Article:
How commonly are children hospitalized for dehydration eligible for care in alternative settings?

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DOI: 10.1001/archpedi.153.12.1233


BACKGROUND: Avoiding unnecessary hospitalization has long been a goal of child health care providers. Managed care practice environments increasingly pressure the practicing pediatrician to avoid hospitalization.

OBJECTIVES: To estimate the proportion of childhood dehydration hospitalizations eligible for care in alternative settings (eg, short-stay treatment and triage units, home nursing) and to assess the type and duration of services that might be required for alternative setting care of children with these illness episodes.

DESIGN: All dehydration hospitalizations for the 198 593 children (aged > 1 month and < 19 years) dwelling in Rochester, NY (Monroe County), between 1991 and 1995 were identified in county-wide hospital discharge computer files. Medical records were reviewed for a random sample of 380 of the hospitalizations. Children with major underlying conditions were excluded from analysis because of higher risk for deterioration, and greater complexity of medical care might render alternative settings inappropriate. Measures included a 4-item score estimating level of dehydration, serum bicarbonate level at presentation, and time to rehydration. Rehydration was defined as a drop in urine-specific gravity to 1.010 or less or reduction of fluid administration to the maintenance rate.

RESULTS: Altogether, 1121 dehydration hospitalizations occurred during the study period. Based on medical record review for a random sample of 380 of these 1121, major underlying problems were present in 27.4% (104) of hospitalizations sampled. Simple, acute gastroenteritis accounted for 75.4% (208) of 276 hospitalizations remaining in the sample. Levels of dehydration for these children were estimated as at least 5% for 51.0% (106) and at least 10% for 16.3% (34) of hospital admissions, and serum bicarbonate levels were 12 mmol/L or less for 26.0% (54). Time from hospital admission to rehydration was no greater than 12 hours for 79.3% (165) and no greater than 24 hours for 94.7% (197). However, hospital stay was generally substantially longer. The time hospitalized following rehydration represented 85.8% of the average inpatient stay. Hospital discharge was heavily concentrated in daytime hours, although the children achieved rehydration at all hours of the day. No deterioration occurred during hospitalizations studied.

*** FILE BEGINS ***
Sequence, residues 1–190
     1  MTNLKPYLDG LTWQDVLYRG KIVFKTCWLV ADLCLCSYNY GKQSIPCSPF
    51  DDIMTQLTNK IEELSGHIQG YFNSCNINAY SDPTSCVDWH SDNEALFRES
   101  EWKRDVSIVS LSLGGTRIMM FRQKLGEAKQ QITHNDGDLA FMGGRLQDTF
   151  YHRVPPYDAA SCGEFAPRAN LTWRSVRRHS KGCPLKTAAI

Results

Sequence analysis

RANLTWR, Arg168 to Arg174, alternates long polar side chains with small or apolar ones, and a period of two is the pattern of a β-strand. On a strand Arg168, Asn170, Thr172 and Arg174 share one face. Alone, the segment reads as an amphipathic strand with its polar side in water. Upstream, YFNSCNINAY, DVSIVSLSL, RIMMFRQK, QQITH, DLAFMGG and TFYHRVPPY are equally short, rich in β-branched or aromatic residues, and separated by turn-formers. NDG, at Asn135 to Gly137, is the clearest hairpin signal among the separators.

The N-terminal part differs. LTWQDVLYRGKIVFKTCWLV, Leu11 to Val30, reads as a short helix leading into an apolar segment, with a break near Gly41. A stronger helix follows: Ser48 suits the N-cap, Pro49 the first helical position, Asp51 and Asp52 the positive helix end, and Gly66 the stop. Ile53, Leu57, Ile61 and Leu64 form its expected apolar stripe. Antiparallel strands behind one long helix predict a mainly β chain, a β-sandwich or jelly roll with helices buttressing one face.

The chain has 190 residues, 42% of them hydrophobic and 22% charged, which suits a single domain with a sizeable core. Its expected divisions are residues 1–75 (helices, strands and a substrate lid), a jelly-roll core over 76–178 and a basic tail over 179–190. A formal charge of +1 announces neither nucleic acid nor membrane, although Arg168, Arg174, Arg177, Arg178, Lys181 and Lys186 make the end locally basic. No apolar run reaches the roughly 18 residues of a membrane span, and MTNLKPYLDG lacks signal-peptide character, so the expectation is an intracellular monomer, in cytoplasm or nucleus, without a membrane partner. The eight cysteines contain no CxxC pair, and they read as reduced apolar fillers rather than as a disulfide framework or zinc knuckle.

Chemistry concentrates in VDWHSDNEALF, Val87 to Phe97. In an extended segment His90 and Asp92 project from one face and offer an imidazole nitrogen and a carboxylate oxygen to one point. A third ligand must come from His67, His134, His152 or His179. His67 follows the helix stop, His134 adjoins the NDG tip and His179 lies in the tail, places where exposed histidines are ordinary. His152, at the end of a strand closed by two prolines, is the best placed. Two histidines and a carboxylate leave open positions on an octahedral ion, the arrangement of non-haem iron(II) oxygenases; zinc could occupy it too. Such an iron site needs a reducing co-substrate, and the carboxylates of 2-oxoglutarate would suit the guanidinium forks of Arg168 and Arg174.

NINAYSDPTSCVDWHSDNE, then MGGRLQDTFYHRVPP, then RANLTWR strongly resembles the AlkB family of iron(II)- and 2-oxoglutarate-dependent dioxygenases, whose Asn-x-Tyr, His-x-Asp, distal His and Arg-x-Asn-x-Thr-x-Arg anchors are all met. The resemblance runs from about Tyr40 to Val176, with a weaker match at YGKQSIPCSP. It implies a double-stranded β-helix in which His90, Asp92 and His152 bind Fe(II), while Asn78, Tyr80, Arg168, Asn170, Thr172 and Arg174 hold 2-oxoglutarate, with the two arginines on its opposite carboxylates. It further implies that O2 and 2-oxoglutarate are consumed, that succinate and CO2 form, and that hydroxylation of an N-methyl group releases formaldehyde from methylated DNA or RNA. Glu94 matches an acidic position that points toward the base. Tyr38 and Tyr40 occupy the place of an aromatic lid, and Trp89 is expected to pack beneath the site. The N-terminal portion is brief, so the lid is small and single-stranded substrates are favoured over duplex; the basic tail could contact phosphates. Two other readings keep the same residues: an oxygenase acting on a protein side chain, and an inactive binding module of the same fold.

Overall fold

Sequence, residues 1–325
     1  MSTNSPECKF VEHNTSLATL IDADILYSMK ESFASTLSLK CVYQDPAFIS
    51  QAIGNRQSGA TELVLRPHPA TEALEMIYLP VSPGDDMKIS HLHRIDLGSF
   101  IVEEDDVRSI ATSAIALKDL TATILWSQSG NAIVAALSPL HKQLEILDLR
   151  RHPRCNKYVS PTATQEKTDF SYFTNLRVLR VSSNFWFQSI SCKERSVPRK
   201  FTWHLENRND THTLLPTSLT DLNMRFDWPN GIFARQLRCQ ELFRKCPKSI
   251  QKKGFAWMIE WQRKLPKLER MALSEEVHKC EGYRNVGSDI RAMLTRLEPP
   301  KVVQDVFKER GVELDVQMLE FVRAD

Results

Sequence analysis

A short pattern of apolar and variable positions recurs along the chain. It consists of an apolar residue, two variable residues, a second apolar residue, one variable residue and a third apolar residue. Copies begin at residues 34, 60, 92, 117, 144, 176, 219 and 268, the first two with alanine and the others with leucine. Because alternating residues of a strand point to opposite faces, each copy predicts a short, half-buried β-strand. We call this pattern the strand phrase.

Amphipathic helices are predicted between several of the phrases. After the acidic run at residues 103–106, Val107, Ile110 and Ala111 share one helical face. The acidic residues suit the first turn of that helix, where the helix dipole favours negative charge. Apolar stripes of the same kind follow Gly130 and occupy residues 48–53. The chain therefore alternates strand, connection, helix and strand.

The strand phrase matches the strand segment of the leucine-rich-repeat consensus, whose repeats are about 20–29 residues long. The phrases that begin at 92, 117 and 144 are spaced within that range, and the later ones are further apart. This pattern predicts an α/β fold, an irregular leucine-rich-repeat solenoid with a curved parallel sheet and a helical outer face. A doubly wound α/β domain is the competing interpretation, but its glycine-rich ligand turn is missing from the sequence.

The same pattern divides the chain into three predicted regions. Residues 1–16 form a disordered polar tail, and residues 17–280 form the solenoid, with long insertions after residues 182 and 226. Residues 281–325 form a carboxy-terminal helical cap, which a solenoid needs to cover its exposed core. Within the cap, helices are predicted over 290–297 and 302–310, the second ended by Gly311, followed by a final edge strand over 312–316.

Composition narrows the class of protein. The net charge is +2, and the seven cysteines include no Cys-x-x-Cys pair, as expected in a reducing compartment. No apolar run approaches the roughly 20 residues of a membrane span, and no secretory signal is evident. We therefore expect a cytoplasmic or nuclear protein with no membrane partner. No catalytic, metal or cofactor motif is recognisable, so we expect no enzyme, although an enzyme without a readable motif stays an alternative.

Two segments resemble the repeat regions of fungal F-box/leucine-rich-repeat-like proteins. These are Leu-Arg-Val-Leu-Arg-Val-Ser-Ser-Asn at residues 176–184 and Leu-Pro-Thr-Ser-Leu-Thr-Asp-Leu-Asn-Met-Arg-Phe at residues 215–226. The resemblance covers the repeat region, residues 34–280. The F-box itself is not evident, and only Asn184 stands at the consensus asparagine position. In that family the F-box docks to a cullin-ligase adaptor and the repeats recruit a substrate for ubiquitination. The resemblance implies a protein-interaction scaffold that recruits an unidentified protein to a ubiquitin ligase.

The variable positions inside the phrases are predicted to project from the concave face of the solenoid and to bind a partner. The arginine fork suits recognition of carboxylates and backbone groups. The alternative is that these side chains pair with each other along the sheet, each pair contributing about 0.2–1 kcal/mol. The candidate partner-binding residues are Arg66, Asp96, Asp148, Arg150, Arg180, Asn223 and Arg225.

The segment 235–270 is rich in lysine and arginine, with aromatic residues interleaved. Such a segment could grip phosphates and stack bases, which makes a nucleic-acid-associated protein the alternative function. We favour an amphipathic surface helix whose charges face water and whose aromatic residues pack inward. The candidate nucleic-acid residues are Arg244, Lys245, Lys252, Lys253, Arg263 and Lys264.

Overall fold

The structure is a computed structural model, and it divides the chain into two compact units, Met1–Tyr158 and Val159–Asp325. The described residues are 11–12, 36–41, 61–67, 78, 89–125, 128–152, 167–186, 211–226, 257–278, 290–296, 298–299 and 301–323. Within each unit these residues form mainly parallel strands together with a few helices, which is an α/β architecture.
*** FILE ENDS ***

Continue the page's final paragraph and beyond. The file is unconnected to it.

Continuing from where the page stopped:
CONCLUSION: Nearly all children hospitalized for simple, acute gastroenteritis in Rochester might be eligible for care in alternative settings designed to provide hospital-level care for short periods.

Journal Title

Archives of pediatrics & adolescent medicine





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MeSH Keywords

Adolescent; Ambulatory Care Facilities; Child; Child, Hospitalized; Child, Preschool; Dehydration; Gastroenteritis; Home Care Services; Hospitalization; Humans; Infant; Length of Stay; Outcome Assessment (Health Care); Risk; Severity of Illness Index


Dehydrated; Gastroenteritis; Short-Stay; Home Nursing

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